Ahold tightens corporate governance
bolted, Dutch retail group Ahold has today announced that it is to
introduce strict new rules on corporate governance a year after the
discovery of a €1 billion hole in its accounts.
Ahold's new management team, led by former Ikea man Anders Moberg, has moved rapidly to distance itself from the transgressions of the past - vital if it is to restore consumer and investor confidence - and the new rules will give shareholders a greater role in the running of the company.
"With these proposals we reaffirm our strong commitment to corporate governance throughout the new Ahold," said Moberg. "Instead of waiting until next year before reporting on the company's 2004 corporate governance policy, we decided to announce our position today.
"The proposed changes to the Articles of Association, the rules for the Supervisory Board and its committees (audit committee, remuneration committee and selection and appointment committee) and the rules for the Executive Board, as well as the proposed general remuneration policy, substantially satisfy the requirements of the Tabaksblat code [the official Dutch recommendations on corporate governance]."
Moberg said that Ahold was the first company in the Netherlands to convene a shareholders' meeting devoted to corporate governance - planned for 3 March 2004. "Jointly, Ahold and its shareholders can face the future with a confidence born of transparency and constructive cooperation," he said - something that was evidently lacking in the past and a major factor in rapid fall from grace of what was Europe's second largest food retailer after Carrefour.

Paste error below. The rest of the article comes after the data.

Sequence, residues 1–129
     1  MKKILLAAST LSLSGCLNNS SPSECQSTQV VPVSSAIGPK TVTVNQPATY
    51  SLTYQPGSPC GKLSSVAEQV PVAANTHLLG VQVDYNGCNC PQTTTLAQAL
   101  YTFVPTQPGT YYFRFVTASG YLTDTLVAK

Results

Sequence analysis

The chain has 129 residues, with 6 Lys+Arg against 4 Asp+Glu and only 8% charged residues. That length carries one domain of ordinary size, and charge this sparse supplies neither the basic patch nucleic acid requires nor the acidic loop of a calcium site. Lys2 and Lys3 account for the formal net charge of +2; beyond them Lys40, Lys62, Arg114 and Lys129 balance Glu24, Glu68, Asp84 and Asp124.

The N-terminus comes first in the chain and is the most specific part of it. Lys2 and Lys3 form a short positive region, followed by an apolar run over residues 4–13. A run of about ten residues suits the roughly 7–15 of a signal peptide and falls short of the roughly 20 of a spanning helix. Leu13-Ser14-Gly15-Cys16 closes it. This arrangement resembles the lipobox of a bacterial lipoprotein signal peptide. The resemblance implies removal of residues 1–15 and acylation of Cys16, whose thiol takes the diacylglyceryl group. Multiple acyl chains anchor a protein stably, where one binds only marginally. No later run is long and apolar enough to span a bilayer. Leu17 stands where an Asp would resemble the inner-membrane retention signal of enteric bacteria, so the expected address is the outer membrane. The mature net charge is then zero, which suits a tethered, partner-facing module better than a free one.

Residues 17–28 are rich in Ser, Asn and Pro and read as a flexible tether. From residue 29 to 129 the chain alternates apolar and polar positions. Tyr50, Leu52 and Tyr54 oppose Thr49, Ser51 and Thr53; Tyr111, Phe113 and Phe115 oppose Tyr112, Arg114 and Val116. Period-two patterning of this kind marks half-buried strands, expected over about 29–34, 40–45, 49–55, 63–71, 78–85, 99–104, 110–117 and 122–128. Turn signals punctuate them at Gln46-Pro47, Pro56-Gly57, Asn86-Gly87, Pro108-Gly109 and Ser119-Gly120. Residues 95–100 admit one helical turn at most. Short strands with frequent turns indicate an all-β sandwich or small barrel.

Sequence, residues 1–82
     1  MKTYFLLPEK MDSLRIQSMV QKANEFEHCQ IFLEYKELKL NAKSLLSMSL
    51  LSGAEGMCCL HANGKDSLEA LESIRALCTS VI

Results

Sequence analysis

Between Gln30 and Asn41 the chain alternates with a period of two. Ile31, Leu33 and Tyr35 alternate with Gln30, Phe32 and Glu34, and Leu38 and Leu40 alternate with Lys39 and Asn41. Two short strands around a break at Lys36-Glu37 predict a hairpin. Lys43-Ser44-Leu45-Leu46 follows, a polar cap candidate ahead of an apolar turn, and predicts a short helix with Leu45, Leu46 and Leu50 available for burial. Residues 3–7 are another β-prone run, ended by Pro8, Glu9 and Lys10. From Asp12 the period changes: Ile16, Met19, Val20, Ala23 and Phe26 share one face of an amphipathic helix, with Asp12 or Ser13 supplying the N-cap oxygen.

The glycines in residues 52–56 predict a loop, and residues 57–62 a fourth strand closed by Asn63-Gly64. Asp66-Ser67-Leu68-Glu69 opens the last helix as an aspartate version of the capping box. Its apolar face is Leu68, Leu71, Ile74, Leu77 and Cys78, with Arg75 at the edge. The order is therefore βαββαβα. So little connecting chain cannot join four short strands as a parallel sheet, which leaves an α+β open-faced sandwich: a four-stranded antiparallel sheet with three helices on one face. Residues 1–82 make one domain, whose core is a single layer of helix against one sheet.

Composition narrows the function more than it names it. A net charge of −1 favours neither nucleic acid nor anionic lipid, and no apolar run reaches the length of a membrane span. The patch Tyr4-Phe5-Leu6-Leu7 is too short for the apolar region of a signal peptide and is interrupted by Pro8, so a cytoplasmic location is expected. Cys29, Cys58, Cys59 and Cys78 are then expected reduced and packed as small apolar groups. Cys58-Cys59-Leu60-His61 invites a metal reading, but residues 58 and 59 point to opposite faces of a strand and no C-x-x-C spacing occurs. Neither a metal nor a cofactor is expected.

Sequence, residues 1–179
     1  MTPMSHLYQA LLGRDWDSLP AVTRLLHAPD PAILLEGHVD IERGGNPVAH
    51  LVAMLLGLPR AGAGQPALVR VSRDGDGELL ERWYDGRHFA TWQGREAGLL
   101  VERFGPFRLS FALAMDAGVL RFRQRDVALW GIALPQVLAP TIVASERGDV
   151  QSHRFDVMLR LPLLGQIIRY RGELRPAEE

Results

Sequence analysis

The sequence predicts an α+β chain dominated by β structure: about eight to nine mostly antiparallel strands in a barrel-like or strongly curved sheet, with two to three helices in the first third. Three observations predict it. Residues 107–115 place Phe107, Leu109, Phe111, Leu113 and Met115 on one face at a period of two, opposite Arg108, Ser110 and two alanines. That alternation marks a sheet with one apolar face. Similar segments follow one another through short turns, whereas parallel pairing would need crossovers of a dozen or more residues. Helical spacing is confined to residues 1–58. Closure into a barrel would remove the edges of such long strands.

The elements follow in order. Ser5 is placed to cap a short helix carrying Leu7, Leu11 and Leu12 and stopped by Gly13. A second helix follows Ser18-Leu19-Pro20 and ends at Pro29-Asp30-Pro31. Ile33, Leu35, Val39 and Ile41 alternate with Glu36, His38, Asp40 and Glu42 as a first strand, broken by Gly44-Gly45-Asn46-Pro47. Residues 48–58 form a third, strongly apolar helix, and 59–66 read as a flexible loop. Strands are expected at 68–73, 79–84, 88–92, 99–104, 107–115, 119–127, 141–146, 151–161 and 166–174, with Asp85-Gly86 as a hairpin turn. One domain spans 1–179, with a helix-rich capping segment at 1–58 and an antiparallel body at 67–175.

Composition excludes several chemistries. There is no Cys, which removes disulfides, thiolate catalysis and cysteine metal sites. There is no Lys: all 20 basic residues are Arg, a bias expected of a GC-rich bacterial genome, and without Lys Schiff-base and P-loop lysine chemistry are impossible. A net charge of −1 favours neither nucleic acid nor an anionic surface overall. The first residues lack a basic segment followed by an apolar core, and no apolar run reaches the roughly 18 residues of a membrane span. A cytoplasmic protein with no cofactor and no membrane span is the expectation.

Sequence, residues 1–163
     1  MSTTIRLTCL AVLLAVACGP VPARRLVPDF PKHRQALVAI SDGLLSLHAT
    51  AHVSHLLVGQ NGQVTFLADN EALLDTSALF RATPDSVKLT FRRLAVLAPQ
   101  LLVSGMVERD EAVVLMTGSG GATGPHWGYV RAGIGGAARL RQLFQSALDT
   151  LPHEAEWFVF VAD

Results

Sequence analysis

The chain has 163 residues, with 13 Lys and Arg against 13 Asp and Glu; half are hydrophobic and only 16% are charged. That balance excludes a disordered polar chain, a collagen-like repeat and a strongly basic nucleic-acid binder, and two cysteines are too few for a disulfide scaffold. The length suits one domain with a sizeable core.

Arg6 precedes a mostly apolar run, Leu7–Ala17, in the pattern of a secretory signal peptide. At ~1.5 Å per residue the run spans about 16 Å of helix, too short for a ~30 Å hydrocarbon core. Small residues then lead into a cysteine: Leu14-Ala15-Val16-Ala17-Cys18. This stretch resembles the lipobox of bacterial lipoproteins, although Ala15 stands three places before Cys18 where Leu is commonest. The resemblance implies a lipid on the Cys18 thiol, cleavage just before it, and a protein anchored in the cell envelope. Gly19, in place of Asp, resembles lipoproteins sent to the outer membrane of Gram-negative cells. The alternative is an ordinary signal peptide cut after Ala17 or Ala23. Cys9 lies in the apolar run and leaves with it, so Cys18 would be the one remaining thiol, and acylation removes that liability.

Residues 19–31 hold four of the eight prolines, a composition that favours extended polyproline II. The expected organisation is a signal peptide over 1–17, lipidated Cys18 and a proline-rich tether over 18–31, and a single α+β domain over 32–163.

The rule changes will be sweeping. Shareholder rights will be enlarged, allowing them to play a much larger role in important decisions such as the appointment and removal of Executive Board members and Supervisory Board members. Voting rights have also been changed, with holders of preferred shares (rather than common shares) seeing their votes reduced from 19 per cent of the aggregate votes to approximately 6 per cent, shifting the balance of voting power away from investment bodies towards individual shareholders.
There will also be changes in the composition of the Supervisory Board and Executive in order to ensure greater independence, while the remuneration of Executive Board members will be approved by shareholders - a nod to the concerns raised by shareholders at Moberg's appointment and the seemingly excessive salary he was granted.
Ahold has added a special section to its website on corporate governance, which features all the relevant documents. New changes on corporate governance will also be published on the website.